La Llorona


When asked if his abuelita had told him about any legends during his visits to Mexico, MS responded:

“She told me about La Llorona. It was a story she heard growing up from her parents to discourage her from playing in rivers. And now they made it into a movie a couple years ago.”

When asked to explain the version that his abuelita told him, MS responded:

“Yeah, so I knew about the story before the movie came out. The version she told me was that this woman fell in love with this guy from a wealthy family, but he wasn’t interested in her, so she killed the kids they had had together. Then she felt bad about it so she killed herself too and became a ghost. So now her spirit kind of roams around bodies of water, like lakes and rivers, and cries while looking for her kids. Abuelita also said she tempts kids into water and drowns them, so that’s why parents warn their kids to stay away from bodies of water when they’re playing.”


MS is a sixteen year old who has grown up in Los Angeles, CA. His abuelita immigrated from Mexico to Sacramento, CA in 1961. She then returned to her hometown in Mexico in the ’90s. Here, MS is recalling legends he had heard from his abuelita when his family visited her in her hometown during vacations.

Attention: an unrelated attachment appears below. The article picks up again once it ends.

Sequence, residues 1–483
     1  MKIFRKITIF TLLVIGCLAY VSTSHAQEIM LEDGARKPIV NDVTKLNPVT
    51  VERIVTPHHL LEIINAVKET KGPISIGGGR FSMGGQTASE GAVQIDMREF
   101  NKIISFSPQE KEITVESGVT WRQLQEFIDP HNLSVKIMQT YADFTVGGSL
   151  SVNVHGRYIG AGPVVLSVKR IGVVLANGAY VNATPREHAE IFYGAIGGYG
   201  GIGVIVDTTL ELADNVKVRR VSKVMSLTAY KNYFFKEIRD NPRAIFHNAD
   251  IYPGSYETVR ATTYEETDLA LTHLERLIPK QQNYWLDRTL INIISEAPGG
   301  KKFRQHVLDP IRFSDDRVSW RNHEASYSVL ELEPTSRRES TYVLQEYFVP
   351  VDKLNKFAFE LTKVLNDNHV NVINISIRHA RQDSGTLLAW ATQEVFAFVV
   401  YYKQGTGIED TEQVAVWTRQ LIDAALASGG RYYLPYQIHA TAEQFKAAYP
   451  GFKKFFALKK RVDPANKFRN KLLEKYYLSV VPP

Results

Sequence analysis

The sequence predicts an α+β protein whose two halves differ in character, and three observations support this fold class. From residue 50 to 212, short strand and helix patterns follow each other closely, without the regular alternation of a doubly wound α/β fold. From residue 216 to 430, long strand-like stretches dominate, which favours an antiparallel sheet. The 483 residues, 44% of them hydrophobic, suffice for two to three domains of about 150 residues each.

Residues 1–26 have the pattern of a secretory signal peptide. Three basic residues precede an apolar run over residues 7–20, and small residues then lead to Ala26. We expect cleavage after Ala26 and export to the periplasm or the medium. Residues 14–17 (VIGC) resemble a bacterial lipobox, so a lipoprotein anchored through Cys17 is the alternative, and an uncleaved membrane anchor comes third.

The legend of La Llorona speaks to several anxieties: the notion that a mother might murder her children if she is discontent, the fear parents have of their children drowning while playing, as well as their fear of their children being lured away. Guilt brings these anxieties together and serves as the strong emotion that keeps “the weeping woman” bound to the mortal plane. Considered a cornerstone of Mexican and Chicano folklore, the way MS was indirectly exposed to the legend highlights how identity may be shaped by these legends. In a sense, he exists in between identities, close enough to have heard the “authentic” version from his abuelita before it was retold by those outside of the culture, yet removed by the virtue of where he has grown up; he can merely visit the folklore, he cannot “own” it in the same way as his abuelita.